What is the real message from Epstein-Barr antibodies?
Dear Dr. Roach: After decades of feeling fatigued, I started working with a naturopathic doctor. She ordered a saliva test for my total cortisol output, which was normal at 27. She also ordered a full thyroid panel (also normal) and a test for Epstein-Barr virus antibodies. My levels are: EBV IgM is less than 36, and EBV Nuclear Antigen, IgG is greater than 600 (high). She suggested that my DHEA was low, and put me on a 10 mg-per-day DHEA supplement. She also suggested that you sometimes can become reactive to high levels of EBV antigens, and put me on a number of supplements to help boost my immune system, including monolaurin.
I recently saw my GP for a yearly physical. She said there’s no indication that DHEA supplements are helpful, and suggested that the two findings of elevated EBV levels just mean that if I get mono again, my body will be better able to fight it off.
Should the EBV levels concern me? What are your thoughts on taking supplements such as DHEA or other immune boosters?
Dear F.C.: Let me answer the question about Epstein-Barr virus, the major cause of infectious mononucleosis, first. IgM is the antibody that the body produces when it is first confronted with an infection. You will have high levels of IgM in the early, active phase of infection. I agree with your general physician that there is no evidence of ongoing EBV infection. IgG provides long-term immunity. Your high IgG demonstrates a robust immune system in no need of boosting.
As far as the hormone testing, saliva testing for cortisol (also called cortisone) is more accurate than it used to be, but it still isn’t as accurate as blood testing. You have a normal level. I don’t see DHEA levels measured, but DHEA — an androgen itself and a precursor to steroid hormones, including testosterone and estrogen — may be of value in people with adrenal insufficiency. That’s the inability of the adrenal gland to make all the cortisone it should. Your normal cortisone level in saliva makes adrenal insufficiency unlikely.
DHEA has not been shown to be of value in healthy people. It does not boost the immune system, nor does your immune system appear to need boosting. DHEA is neither safe nor effective, except in certain medical conditions, none of which I see evidence of in you. It has the potential for side effects, including symptoms of excess male hormone. Monolaurin is safe, but has not been proven effective for any condition.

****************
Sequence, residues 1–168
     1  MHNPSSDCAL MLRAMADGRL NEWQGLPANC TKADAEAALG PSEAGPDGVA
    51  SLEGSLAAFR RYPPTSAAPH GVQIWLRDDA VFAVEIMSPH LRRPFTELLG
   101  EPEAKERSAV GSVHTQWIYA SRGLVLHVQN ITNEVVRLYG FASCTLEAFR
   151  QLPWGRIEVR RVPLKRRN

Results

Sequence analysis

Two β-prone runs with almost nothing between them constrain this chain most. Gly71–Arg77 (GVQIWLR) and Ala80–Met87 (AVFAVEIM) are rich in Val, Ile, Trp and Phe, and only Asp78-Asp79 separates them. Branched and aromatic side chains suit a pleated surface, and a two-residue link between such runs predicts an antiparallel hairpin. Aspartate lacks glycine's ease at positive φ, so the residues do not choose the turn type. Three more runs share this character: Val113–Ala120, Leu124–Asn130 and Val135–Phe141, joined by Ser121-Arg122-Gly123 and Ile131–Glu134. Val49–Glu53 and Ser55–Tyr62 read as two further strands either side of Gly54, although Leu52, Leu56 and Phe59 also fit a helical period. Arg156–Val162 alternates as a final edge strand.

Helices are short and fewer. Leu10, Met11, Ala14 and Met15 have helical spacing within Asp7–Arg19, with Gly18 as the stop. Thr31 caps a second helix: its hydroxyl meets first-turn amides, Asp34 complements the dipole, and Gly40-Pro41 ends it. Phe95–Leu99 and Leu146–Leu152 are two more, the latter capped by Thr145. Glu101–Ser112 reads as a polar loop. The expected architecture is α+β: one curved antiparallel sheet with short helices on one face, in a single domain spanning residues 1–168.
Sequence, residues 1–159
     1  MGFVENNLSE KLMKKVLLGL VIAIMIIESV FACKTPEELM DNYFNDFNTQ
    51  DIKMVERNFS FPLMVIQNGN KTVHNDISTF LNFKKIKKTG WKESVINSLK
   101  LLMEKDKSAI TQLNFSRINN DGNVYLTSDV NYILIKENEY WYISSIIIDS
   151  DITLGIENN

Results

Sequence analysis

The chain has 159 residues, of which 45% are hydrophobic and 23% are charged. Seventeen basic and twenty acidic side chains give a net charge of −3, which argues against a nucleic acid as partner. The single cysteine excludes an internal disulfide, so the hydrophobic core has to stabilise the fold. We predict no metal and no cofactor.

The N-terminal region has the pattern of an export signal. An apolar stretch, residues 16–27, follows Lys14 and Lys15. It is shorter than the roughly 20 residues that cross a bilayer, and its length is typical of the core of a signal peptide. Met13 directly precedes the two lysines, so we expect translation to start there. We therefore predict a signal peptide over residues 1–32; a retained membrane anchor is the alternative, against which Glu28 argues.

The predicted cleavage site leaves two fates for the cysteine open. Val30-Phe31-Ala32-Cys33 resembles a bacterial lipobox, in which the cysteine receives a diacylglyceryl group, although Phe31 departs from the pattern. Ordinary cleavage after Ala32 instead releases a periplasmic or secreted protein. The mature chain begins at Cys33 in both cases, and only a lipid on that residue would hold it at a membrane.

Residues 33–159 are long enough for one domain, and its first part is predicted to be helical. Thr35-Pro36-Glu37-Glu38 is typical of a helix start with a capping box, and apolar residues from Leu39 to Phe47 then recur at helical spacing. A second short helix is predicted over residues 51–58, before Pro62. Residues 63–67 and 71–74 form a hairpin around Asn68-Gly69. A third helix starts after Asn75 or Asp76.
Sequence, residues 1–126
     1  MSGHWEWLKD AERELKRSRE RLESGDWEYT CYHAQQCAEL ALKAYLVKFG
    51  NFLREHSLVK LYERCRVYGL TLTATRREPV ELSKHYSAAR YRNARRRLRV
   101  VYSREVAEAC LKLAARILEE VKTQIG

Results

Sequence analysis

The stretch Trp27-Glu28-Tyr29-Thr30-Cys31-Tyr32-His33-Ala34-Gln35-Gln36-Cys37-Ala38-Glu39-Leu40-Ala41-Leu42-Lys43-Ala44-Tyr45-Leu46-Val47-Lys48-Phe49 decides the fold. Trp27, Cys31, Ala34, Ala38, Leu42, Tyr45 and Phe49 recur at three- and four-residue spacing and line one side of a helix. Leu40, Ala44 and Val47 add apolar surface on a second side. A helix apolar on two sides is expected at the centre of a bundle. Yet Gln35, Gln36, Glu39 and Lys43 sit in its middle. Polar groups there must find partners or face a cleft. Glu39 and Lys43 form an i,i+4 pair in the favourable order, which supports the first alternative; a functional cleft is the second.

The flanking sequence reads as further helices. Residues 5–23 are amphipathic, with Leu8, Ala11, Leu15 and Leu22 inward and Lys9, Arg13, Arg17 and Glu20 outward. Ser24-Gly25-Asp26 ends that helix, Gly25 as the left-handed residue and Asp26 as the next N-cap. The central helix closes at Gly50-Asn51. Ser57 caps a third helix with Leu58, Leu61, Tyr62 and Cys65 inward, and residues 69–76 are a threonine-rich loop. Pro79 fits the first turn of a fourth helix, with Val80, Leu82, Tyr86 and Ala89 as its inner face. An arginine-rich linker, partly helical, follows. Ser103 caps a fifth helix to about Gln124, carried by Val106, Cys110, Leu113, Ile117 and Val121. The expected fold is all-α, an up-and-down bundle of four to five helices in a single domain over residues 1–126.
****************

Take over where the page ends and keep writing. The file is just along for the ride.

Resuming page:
I can’t say why you have suffered decades of feeling fatigued. There are many possibilities, and often, doctors are unable to make a diagnosis. I understand why you sought an alternative provider.
Dear Dr. Roach: I note an increasing tendency for physicians to have both “Dr.” in front of their name, and “M.D.” after. I understand that the prefix “Dr.” is ambiguous (physician, dentist, veterinarian, Ph.D., chiropractor), but using both seems excessive. Is there any standard?
Dear Dr. K.A.W.: Etiquette experts note that for professional purposes, it should be Jane Smith, M.D. (or other initials, as appropriate), whereas for social correspondence, it would be Dr. Jane Smith. “Dr. Jane Smith, M.D.” is indeed redundant and should not be used. Retired physicians continue to use their title.
In this column, however, you will see medical professionals referred to as “Dr. Jane Smith,” with their specialty noted if relevant, as newspapers follow the stylebook of The Associated Press.
I want to note in passing that when a patient calls me “Dr. Roach,” I always address him as “Mr. Smith,” not “John,” unless I am specifically invited to do so. It is a basic sign of respect. I find it frustrating when I hear (especially young) physicians addressing a person 30 years their senior by their first name when they do not have a close relationship.
Email questions to ToYourGoodHealth@med.cornell.edu.